Engaging with engagement: Beyond pay and reward
When considering matters of recruitment and retention, pay and reward are of course key. Any organisation should fundamentally be looking at having the three rights: the right person in the right role for the right reward. Beyond that though, how can we encourage engagement and why does that matter?
There are various definitions of the term employee engagement but it is generally accepted to include having an environment where all members of the organisation give their best, willingly contribute to its success and are committed to its goals and values.
According to ACAS 1 engagement involves:
- Leaders having a vision and an on-going narrative that is good for the organisation and means something to staff
- Leading by example. That is, managers acting with integrity and practising what they preach
- Line managers who can relate to their staff and have the skills to manage and get the best out of them
- Listening to those on the front line who know what works and what doesn’t.
Why does all this matter? Because an engaged employee is far more likely to be happy in their work, care about your customers, stay loyal to you and thereby deliver consistent results for the organisation and its customers. We can call this situational engagement.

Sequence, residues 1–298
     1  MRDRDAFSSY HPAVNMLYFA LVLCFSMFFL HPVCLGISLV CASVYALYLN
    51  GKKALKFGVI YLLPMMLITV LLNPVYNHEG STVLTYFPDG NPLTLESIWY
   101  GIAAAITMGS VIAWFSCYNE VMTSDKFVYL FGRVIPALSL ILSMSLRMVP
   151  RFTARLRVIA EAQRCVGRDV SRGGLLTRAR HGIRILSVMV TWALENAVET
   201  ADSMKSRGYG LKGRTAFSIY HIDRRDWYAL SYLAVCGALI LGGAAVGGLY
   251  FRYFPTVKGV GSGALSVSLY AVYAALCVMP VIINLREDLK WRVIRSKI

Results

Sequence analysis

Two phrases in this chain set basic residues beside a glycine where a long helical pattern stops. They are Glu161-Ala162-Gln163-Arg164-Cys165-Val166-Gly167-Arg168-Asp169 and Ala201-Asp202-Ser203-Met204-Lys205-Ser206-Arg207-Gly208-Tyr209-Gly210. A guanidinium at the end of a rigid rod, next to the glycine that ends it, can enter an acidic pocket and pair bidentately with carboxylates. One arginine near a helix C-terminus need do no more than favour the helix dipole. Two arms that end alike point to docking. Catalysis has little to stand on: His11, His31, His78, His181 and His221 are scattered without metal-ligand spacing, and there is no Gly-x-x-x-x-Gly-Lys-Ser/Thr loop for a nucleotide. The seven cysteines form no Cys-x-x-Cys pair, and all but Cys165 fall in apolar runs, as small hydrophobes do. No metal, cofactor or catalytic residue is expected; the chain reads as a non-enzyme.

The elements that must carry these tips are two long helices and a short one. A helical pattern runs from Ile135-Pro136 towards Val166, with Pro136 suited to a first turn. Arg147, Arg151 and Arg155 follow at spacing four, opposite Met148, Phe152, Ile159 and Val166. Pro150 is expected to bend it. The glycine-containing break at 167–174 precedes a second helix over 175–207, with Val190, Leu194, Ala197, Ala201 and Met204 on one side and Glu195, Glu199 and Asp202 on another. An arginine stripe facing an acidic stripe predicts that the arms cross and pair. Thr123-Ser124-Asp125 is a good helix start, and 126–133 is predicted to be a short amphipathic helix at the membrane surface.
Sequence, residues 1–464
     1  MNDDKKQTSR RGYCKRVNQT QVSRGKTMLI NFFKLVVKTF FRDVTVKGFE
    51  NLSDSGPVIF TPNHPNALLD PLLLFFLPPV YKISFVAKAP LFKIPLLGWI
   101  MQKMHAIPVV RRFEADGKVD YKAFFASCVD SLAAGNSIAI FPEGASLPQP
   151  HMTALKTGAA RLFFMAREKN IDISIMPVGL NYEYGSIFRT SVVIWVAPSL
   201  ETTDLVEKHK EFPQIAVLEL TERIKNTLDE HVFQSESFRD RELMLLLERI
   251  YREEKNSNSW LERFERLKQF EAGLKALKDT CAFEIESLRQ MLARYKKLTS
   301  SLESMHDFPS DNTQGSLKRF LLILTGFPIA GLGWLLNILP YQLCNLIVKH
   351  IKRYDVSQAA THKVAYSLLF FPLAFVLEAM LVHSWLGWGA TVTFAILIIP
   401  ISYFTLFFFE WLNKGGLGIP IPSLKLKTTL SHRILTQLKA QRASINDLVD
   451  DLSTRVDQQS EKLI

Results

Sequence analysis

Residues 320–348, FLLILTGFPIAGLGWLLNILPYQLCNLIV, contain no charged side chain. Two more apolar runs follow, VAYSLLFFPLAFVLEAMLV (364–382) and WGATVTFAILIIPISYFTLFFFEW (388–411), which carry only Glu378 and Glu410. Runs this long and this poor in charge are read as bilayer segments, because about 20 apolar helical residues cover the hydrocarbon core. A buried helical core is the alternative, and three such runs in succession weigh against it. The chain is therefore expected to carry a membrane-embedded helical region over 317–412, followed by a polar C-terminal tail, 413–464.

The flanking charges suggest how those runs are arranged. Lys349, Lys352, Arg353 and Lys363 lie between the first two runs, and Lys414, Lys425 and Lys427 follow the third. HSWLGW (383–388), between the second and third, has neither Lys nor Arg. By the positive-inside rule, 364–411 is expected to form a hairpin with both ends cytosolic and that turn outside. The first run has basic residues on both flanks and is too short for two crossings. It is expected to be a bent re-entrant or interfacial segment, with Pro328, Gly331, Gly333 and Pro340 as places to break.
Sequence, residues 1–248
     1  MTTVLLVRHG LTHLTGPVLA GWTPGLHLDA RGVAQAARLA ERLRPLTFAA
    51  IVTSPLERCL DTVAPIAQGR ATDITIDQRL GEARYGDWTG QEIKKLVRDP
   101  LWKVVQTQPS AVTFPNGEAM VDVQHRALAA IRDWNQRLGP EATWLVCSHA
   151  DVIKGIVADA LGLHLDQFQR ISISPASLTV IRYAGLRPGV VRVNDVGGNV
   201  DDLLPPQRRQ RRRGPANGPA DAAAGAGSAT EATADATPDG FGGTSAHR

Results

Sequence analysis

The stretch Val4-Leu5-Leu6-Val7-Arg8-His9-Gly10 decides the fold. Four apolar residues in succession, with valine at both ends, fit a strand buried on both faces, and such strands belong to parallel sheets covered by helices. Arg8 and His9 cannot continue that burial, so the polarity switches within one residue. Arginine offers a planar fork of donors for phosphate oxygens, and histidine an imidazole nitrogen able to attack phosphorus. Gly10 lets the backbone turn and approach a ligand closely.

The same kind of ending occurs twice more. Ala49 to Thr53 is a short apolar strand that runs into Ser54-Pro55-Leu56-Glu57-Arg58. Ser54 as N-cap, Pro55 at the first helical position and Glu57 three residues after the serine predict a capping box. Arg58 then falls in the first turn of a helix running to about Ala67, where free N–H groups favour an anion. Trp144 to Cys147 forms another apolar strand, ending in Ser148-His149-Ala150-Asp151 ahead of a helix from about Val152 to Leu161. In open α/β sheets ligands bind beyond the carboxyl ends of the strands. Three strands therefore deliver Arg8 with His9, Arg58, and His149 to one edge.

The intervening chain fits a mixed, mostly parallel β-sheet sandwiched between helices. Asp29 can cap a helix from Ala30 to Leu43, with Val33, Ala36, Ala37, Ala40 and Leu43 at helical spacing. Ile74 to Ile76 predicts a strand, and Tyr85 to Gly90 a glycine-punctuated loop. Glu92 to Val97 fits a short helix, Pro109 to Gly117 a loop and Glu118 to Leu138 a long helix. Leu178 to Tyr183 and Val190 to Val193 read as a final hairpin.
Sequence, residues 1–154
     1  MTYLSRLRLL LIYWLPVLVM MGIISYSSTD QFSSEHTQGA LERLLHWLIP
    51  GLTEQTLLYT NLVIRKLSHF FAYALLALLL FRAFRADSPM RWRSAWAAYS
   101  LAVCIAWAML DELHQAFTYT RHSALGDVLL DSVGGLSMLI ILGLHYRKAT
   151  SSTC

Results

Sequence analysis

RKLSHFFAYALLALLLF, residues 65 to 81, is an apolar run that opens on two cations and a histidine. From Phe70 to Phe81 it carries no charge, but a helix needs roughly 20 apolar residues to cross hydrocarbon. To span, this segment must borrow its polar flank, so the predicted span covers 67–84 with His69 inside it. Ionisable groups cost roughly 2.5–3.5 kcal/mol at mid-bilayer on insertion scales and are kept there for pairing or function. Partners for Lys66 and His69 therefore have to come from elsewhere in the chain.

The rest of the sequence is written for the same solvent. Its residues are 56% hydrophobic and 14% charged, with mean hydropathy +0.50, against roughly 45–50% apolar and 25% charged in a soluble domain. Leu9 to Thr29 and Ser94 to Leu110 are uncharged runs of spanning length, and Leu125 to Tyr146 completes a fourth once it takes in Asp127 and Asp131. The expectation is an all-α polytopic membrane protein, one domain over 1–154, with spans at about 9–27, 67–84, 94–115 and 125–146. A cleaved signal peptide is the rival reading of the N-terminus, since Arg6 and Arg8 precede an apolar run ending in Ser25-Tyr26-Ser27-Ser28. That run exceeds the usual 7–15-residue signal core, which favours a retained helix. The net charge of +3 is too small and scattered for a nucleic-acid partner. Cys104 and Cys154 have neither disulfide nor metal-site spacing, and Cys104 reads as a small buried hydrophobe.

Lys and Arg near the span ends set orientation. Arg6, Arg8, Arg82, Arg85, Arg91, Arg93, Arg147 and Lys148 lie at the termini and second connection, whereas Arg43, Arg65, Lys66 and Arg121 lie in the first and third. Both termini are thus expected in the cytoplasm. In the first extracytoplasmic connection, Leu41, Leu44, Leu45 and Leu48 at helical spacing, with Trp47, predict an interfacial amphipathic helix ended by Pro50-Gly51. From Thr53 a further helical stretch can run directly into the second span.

If we are to have the right person in the right role however we also need to consider role or task-based engagement. Kenneth Thomas writes compellingly about intrinsic motivation2 as being those factors which lead people to be engaged in their work for its own sake, rather than being extrinsically motivated, i.e. looking to obtain another benefit such as pay.
The four intrinsic motivators are:
- Meaningfulness – seeing the value and purposefulness in your work
- Autonomy – having some degree of choice over how you carry it out
- Competence – feeling that you have the skills needed to perform your role
- Progress – experiencing a sense of accomplishment as you move towards your goals
If these are new ideas for you, test them out for yourself. Consider your own level of engagement with your current and previous roles and then reflect on how you would measure against these criteria.
Does it help make sense of when and why you have felt most energised or demotivated?
Essentially then, we need to create a culture in which leaders lead, listen, relate and act with integrity. If we can then bear in mind the intrinsic motivators 2 when designing the role, fitting the person to it, designing personal developments plans etc., we will be far more likely to develop a loyal, engaged workforce of people who bring more of themselves to work and build similarly engaged relationships with our own customers. Win-win-win.
 Intrinsic Motivation at Work (Berrett-Koehler, 2009)
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